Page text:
The Maritime Administrator must render a decision on the application within 90 days after the final hearing.

Should a favorable record of decision be rendered and license be issued, MARAD may include specific conditions related to design, construction, operations, environmental permitting, monitoring and mitigations, and financial responsibilities. If a license is issued, USCG would oversee the review and approval of the deepwater port's Floating Liquefied Natural Gas Vessels (FLNGVs) and in coordination with other agencies as appropriate review of engineering design and construction; operations/security procedures; waterways management and regulated navigation areas; maritime safety and security requirements; risk assessment; and compliance with domestic and international laws and regulations for vessels that may call on the port. The deepwater port would be designed, constructed and operated in accordance with applicable codes and standards.

In addition, installation of pipelines and other structures, such as the Tower Yoke Mooring Systems (TYMSs), may require permits under Section 404 of the Clean Water Act and Section 10 of the Rivers and Harbors Act, which are administered by USACE.

Permits from the EPA may also be required pursuant to the provisions of the Clean Air Act, as amended, and the Clean Water Act, as amended.Start Printed Page 42164

As mentioned above, Delfin LNG has filed an application with FERC for a Certificate of Public Convenience and Necessity for the Delfin LNG Project Onshore Facilities as described in the FERC Federal Register notice (80 FR 30266-01). In order to achieve the goals of NEPA, this application to operate onshore facilities is included as a connected action for the proposed deepwater port and the environmental impact of its construction and operation will be included in the MARAD/USCG NEPA review. However, to reiterate, FERC has stated it will not be able to commence processing Delfin LNG's application for the proposed onshore facility until such time as the HIOS abandonment application is filed.

The Department of Energy (DOE) is also a cooperating agency. On February 20, 2014, DOE approved Delfin LNG's application to export LNG by vessel from its proposed deepwater port to Free Trade Agreement (FTA) nations. On November 12, 2013, Delfin LNG applied to the DOE for a long-term multi-contract authorization to export domestically produced LNG to non-FTA nations. Pursuant to DOE's revised procedures for LNG export decisions (79 FR 48132), the DOE will act on applications to export LNG to non-FTA nations only after the NEPA review is completed by the lead Federal agency, in this case the USCG and MARAD.

Summary of the Application

Delfin LNG is proposing to construct, own, and operate a DWP terminal (referred to herein as the Delfin Terminal) in the Gulf of Mexico to liquefy natural gas for export to FTA and non-FTA nations.

The proposed Project has both onshore and offshore components. The proposed DWP would be located in Federal waters within the Outer Continental Shelf (OCS) West Cameron Area, West Addition Protraction Area (Gulf of Mexico), approximately 37.4 to 40.8 nautical miles (or 43 to 47 statute miles) off the coast of Cameron Parish, Louisiana, in water depths ranging from approximately 64 to 72 feet (19.5 to 21.9 meters). The DWP would consist of four semi-permanently moored FLNGVs located as follows: #1 (29°8′13.1″ N./93°32′2.2″ W.), #2 (29°6′13.6″ N./93°32′42.4″ W.), #3 (29°6′40.7″ N./93°30′10.1″ W.), and #4 (29°4′40.9″ N./93°30′51.8″ W.), located in WC 319, 327, 328, and 334 blocks, respectively. It would reuse and repurpose two existing offshore natural gas pipelines: The former U-T Operating System (UTOS) pipeline, and the High Island Operating System (HIOS) pipeline. Four new pipeline laterals connecting the HIOS pipeline to each of the FLNGVs would be constructed. The feed gas would be supplied through these new pipeline laterals to each of the FLNGVs where it would be super cooled to produce LNG. The LNG would be stored onboard the FLNGV and transferred via ship-to-shop transfer to properly certified LNG trading carriers. Each of the FLNGVs would be semi-permanently moored to four new weather-vaning TYMSs.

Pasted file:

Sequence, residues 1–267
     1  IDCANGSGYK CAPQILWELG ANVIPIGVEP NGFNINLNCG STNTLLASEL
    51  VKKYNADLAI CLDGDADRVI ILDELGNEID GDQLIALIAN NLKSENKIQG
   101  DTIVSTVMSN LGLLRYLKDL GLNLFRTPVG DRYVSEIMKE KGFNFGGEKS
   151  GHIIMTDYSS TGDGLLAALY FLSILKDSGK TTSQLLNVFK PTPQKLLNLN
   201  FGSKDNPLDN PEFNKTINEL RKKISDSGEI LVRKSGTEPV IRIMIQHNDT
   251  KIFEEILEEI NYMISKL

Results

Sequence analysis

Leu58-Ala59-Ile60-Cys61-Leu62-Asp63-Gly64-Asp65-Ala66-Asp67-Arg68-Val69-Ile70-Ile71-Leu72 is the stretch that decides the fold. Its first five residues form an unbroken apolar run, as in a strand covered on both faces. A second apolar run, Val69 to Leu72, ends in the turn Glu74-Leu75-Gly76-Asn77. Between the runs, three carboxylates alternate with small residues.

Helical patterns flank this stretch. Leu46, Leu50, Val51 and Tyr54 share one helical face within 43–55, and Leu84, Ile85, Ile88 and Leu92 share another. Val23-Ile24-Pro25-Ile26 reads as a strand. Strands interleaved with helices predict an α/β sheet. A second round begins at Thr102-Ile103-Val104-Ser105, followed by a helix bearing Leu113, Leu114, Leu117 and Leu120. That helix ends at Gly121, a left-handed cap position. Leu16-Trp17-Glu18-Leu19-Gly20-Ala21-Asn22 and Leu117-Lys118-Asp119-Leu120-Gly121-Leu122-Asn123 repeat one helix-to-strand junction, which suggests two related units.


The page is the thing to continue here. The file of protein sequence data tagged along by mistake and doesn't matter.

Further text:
The onshore components in Cameron Parish, Louisiana consist of engineering, constructing, and operating a new natural gas compressor station, gas supply header and metering station at an existing gas facility. The proposal would require: (1) Reactivation of approximately 1.1 miles of existing 42-inch pipeline, formerly owned by UTOS, which runs from Transcontinental Gas Pipeline Company Station No. 44 (Transco Station 44) to the mean high water mark along the Cameron Parish Coast; (2) installation of 74,000 horsepower of new compression; (3) construction of 0.25 miles of 42-inch pipeline to connect the former UTOS line to the new meter station; and (4) construction of 0.6 miles of twin 30-inch pipelines between Transco Station 44 and the new compressor station.

Onshore pipeline quality natural gas from the interstate grid would be compressed and sent to the existing, but currently idled, 42-inch UTOS pipeline. The gas would be transported through the UTOS pipeline and would bypass the existing manifold platform located at West Cameron (WC) 167 approximately 24.7 nautical miles (28.4 statute miles) offshore in the Gulf of Mexico. The bypass of WC 167 would be a newly installed pipeline segment, 700 feet in length, connecting to the existing 42-inch HIOS pipeline.